Portfolio Chromologics

Laura Weemering

Hej! I am Laura Weemering: This webpage showcases my create skills that will enable me to promote the work of Chromologics. On this webpage you can find food-related photography, my social media feed and an food-based instagram reel video. In addition, I uploaded other design work, such as publications, infographics and promotion material.  Lastly, you can find some relevant experience with audience-based writing. 



Instagram feed

For more pictures, stories and captions please follow @lauraweemering on Instagram.



For Kenniscentrum Europadecentraal I have written several webpages and newsarticles. As these are all in Dutch, I have translated excerpts below. Should you require a full translation, please contact me accordingly at laura@weemering.nl

Strengthening the regional food chain

The province of Flevoland is actively working on shortening and sustainability of the food chain. In 2017, the province started as Lead Partner the INTERREG FoodChains 4 EU project. By exchanging of knowledge and experience with four other European regions, the province of Flevoland is strengthening the regional food chain. Europa decentraal discussed this project with Hillebrand Koning, program manager at the province of Flevoland.

Can you tell us more about FoodChains 4 EU?
“FoodChains 4 EU is a knowledge exchange program in the field of innovations in the food chain, such as short chains,’ explains Koning. ‘Different European regions are learning from each other’s good practices. The program focuses on the question ‘How do you ensure that your food is brought with the shortest possible chain from the farmer to the consumer?’ and ‘How do you strengthen the interaction between the farmer and the consumer?’,  he explains. The aim is to influence policy and to accelerate innovations. Because in other regions in Europe the knowledge about short chains is much further developed than in the Netherlands, an INTERREG project is, according to Koning good way to bring in that knowledge from other Member States. Flevoland collaborates for this project with the  Emilia-Romagna regions in Italy, Maramures in Romania, the Manchester Region in the United Kingdom and Plovdiv & Sofia in Bulgaria. ‘These regions are all differently working with regional products, and shortening and preserving
food chains’, explains Koning. “Within Interreg we learn from each other’s knowledge and experiences in the field of shorter and sustainable food chains.”

Read the full interview on page 43 of the Agrofood Magazine

Invasive alien species or exotics are animals or plants that do not originally occur in the area where they are found and are harmful to that area. Examples are the muskrat, the Japanese knotweed and the giant hogweed. They displace native animals and plants or they can cause damage to buildings, pipes and infrastructure. The European Union has laid down rules to combat invasive alien species. This should prevent damage from these species as much as possible. Provinces, water boards and municipalities are involved in combating these exotics.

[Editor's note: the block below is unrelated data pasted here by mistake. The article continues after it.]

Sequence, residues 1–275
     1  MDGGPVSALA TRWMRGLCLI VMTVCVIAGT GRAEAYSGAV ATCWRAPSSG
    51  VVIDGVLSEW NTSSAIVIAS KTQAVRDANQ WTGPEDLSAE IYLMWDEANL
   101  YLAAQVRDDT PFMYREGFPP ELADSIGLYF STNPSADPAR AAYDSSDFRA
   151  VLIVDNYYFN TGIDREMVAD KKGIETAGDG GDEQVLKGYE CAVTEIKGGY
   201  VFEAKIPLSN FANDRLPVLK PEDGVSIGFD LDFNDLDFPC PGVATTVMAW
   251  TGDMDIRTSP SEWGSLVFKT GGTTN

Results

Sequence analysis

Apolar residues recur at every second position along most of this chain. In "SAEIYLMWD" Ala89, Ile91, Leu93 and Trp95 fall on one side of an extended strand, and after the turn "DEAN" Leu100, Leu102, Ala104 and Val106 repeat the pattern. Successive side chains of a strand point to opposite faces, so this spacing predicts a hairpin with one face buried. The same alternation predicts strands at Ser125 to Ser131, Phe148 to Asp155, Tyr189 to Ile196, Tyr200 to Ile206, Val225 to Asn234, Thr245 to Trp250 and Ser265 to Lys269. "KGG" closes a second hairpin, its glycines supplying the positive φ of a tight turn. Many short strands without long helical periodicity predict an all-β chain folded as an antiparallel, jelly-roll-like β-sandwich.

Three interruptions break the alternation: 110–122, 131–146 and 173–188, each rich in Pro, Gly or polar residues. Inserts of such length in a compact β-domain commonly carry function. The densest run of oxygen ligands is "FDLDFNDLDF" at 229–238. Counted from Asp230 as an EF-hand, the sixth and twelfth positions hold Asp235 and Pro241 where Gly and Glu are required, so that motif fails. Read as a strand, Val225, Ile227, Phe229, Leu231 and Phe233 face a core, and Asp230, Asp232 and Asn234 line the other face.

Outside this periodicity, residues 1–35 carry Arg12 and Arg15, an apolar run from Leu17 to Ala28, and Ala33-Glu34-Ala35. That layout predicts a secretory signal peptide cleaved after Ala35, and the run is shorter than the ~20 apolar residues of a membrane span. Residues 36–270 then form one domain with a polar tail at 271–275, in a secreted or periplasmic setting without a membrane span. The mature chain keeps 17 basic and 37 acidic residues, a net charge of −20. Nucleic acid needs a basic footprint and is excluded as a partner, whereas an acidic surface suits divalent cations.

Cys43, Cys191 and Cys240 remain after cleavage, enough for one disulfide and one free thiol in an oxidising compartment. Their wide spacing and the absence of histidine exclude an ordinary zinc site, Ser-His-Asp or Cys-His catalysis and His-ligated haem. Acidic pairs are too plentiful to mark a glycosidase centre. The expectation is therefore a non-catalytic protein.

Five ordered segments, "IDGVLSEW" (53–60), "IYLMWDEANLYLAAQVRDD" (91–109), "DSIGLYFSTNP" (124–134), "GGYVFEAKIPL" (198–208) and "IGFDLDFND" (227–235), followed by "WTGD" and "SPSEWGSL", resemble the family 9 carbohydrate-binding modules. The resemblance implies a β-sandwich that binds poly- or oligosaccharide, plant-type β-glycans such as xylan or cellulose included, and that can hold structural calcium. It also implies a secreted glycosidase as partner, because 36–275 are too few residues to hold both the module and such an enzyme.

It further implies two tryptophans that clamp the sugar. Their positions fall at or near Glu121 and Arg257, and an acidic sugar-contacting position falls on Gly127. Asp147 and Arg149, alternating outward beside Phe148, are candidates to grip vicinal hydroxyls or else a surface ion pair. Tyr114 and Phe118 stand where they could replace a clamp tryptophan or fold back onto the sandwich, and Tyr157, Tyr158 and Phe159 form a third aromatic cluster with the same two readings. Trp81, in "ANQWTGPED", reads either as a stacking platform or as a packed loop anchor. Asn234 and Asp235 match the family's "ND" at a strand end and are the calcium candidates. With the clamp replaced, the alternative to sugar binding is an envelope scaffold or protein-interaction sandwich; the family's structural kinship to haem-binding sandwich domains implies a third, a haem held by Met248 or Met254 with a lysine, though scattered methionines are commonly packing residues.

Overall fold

European policy
The European rules are laid down in Regulation 1143/2014 on invasive alien species (the IAS Regulation; Invasive Alien Species). The regulation aims to prevent, limit and reduce the negative impact of invasive alien species on biodiversity and ecosystem services on the one hand, and to limit social and economic damage on the other.

The core of the Regulation is a list of invasive alien species of concern. This list is also known as the Union list. The list is established with Implementing Regulation 2016/1141. Member States can supplement this list at the national level. The European Union can also supplement this list on the basis of a risk assessment. A plant species that is on this list is for example the giant hogweed.

Read the full article on Kenniscentrum Europadecentraal.

Other examples are the webpages on: Drinkingwaterbiowaste, Co2 storage, Climate, and Renewable energy.

The environmental principle ‘the polluter pays’ must be more strongly integrated into European environmental legislation. That is the advice of the European Court of Auditors in a special report. In some Member States, industry is for example not liable when permitted emissions cause environmental damage. Public funds are in these situations often required for environmental restoration.

The ‘polluter pays’ principle
Companies that cause pollution are obliged to pay for cleaning up the damage. This principle is also known as the ‘polluter pays’ principle.  It is one of the central principles of the European Union’s environmental policy, alongside principles such as the precautionary and prevention principles. Environmental damage must first of all be prevented as much as possible. Where this is not possible, damage must be repaired; if costs have to be incurred, the polluter should in principle pay the bill. The latter does not happen consistently, according to the European Court of Auditors.

Read this and other news articles on Kenniscentrum Europeadecentraal


Infographics & Others

Tony’s Chocolonely Chocolate Bar Wrapper

Photo exhibition


Phone:  + 31 6 464 28 303

About Laura



Based in: Parma, Italy

From: Drenthe, the Netherlands

Available: worldwide

Latest work